33
For simple interest, if the interest rate is r%, the amount is multiplied by 1 + If the interest rate is r% and the interest is compounded n times, then each time interest is paid, the amount is multiplied by 1 + r 100 r/n 100 By the end of the term of the loan, the original amount has been multiplied by ( 1 + ) r/n 100 n

34
By the end of the term of the loan, the original amount has been multiplied by ( 1 + ) r/n 100 n The larger n is, i.e., the more often the interest is compounded, the larger the total amount repaid. It is possible to compound quarterly, monthly, daily, hourly, or even more often. But as n gets larger and larger, the factor above does not get arbitrarily large. It tends to a “limit”, which is e r/100. This is known as “continuous compounding”, and the amount of money in the account increases according to exponential growth.

36
Nuclear Physics An atom consists of a heavy nucleus surrounded by lighter electrons. The nucleus is made up of positive protons and electrically neutral neutrons. The electrons are negative, and the charge of each electron is exactly equal and opposite to that of each proton. The electrons and protons attract one another.

37
Chemistry involves one or more atoms “sharing” their electrons.

38
Sometimes, it is possible to have two atoms with the same numbers of protons and electrons, but different numbers of neutrons. Because their electric properties are the same, and specifically because the number of electrons is the same, they have the same chemical behaviour. Two such atoms are called different “isotopes” of the same element.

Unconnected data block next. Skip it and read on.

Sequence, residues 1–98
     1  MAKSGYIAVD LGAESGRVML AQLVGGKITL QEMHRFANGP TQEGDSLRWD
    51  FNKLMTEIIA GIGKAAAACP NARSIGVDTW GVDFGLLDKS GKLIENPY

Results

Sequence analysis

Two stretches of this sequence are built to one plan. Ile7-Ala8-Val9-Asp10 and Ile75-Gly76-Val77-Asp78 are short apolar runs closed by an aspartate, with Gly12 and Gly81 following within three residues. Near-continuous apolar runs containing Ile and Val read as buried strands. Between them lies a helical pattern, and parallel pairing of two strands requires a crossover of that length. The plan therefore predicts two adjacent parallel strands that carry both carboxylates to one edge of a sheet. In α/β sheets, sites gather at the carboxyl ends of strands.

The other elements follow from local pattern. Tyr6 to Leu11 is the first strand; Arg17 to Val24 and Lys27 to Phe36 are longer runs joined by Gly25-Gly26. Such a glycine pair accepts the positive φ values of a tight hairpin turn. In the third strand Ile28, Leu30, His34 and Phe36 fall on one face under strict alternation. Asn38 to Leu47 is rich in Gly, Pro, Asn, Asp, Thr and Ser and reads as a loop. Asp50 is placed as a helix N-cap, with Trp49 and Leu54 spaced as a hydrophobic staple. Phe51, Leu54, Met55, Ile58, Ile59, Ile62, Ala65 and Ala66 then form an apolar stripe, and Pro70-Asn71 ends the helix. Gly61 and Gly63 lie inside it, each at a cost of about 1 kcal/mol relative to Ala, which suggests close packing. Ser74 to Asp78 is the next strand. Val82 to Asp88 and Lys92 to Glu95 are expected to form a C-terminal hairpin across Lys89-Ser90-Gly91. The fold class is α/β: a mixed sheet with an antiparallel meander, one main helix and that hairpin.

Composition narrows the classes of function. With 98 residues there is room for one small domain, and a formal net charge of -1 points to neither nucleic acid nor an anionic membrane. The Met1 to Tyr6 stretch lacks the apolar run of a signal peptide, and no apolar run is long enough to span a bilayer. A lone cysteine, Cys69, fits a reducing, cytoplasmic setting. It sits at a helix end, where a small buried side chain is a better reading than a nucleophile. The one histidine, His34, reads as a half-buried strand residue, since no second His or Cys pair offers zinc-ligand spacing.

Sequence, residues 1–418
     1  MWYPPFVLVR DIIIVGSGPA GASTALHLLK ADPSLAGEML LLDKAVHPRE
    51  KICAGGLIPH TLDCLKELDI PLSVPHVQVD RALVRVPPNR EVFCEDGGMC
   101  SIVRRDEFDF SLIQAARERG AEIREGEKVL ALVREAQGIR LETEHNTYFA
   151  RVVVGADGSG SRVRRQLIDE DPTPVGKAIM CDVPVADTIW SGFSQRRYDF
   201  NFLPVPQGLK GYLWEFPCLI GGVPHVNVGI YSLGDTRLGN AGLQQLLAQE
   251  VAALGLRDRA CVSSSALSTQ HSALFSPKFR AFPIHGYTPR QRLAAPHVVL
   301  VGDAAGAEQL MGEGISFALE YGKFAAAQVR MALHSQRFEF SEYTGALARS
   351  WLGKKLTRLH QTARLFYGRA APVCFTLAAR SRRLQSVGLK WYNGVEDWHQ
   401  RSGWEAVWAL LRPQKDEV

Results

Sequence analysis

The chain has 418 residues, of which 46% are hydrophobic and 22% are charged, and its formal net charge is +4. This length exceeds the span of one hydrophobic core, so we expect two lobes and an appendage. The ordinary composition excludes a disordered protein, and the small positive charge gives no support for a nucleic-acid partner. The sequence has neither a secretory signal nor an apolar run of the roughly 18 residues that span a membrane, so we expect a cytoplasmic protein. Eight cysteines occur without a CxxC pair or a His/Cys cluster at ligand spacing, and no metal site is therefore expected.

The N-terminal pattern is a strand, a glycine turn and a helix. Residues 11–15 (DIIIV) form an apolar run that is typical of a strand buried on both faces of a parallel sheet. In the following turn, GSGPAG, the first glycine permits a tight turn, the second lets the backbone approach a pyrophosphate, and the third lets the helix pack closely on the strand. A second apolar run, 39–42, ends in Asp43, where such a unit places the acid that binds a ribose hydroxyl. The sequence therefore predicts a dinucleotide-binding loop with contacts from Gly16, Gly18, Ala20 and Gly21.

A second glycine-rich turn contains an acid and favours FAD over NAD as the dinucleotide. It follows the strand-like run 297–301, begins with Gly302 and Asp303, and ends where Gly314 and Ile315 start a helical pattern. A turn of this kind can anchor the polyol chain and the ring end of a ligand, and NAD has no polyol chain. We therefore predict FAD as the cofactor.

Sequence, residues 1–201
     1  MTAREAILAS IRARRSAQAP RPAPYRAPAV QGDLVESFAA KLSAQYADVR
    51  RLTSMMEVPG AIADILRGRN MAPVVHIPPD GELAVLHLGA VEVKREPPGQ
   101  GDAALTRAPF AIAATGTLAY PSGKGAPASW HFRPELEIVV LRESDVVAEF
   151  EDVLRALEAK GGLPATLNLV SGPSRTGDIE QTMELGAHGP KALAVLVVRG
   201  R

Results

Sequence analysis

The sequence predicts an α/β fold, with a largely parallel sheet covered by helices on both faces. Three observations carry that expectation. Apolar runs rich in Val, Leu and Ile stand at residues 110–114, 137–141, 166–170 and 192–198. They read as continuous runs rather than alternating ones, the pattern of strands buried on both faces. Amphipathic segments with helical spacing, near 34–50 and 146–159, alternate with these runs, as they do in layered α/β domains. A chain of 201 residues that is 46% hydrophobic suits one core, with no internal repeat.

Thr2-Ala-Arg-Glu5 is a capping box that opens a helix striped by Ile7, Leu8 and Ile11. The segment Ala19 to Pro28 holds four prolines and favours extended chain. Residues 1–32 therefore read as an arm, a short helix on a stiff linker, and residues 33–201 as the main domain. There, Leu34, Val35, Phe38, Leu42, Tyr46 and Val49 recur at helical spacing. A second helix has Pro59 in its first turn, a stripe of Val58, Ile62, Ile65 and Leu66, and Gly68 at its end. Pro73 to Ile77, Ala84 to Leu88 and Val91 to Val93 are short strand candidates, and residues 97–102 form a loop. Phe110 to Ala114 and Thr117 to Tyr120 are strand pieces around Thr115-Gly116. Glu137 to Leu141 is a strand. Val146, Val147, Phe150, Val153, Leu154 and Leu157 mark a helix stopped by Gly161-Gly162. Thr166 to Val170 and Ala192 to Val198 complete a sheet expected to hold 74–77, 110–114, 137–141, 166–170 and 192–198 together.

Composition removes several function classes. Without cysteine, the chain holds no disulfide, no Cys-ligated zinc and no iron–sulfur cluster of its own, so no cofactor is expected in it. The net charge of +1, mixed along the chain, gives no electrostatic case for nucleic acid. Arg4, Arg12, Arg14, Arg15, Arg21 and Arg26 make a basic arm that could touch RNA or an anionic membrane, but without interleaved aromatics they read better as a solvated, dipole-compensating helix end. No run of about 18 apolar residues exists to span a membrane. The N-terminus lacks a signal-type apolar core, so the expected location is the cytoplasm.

39
An important example is carbon. The common isotope is C 12, which has 6 protons and 6 neutrons. But there is another isotope, C 14, which has 6 protons and 8 neutrons. Because C 12 and C 14 have the same number of protons and electrons, they behave the same way in chemical reactions. But C 14 is radioactive. Its nucleus is not stable, and from time to time, one of the nuclei in a sample of C 14 decays, disintegrating. The rate at which C 14 decays is very predictable. Half of the nuclei in a sample will decay in 5730 years (the “half-life” of C 14 ).

40
In the atmosphere, C 14 is created when nitrogen is bombarded with radiation from space. The result is that the carbon dioxide in the atmosphere contains a small proportion of C 14. Plants ingest CO 2 and metabolize it. Since the processes involved are chemical in nature, they have exactly the same effect on the two isotopes. Consequently, the carbon out of which plants are made contains the same small proportion of C 14. When animals eat plants and digest them, the process is again chemical, so the carbon in animals contains the same proportion of C 14.

41
When an organism dies, it stops ingesting new carbon. The C 14 begins its slow radioactive decay, so gradually the proportion of C 14 decreases. By measuring the proportion of C 14 remaining, scientists can calculate the time that has elapsed since the organism died. This is the basis of carbon dating.

43
shroud.com

44
Atmospheric nuclear tests have disrupted the amount of C 14 in the atmosphere, so this technique is no longer available for organisms which were alive since the nuclear age began.

Similar presentations

OK

Section 6 Chapter 10. 1 Copyright © 2012, 2008, 2004 Pearson Education, Inc. Objectives 2 3 4 Exponential and Logarithmic Equations; Further Applications.

Section 6 Chapter 10. 1 Copyright © 2012, 2008, 2004 Pearson Education, Inc. Objectives 2 3 4 Exponential and Logarithmic Equations; Further Applications.

© 2017 SlidePlayer.com Inc.

All rights reserved.

Ads by Google

Class-9th physics ppt on motion Ppt on natural resources download Ppt on atmospheric refraction for class 10 Ppt on diode family search Ppt on schottky diode Ppt on south african culture today Ppt on ancient olympic games Procedure text how to make ppt online Ppt on business communication skills Ppt on carburetors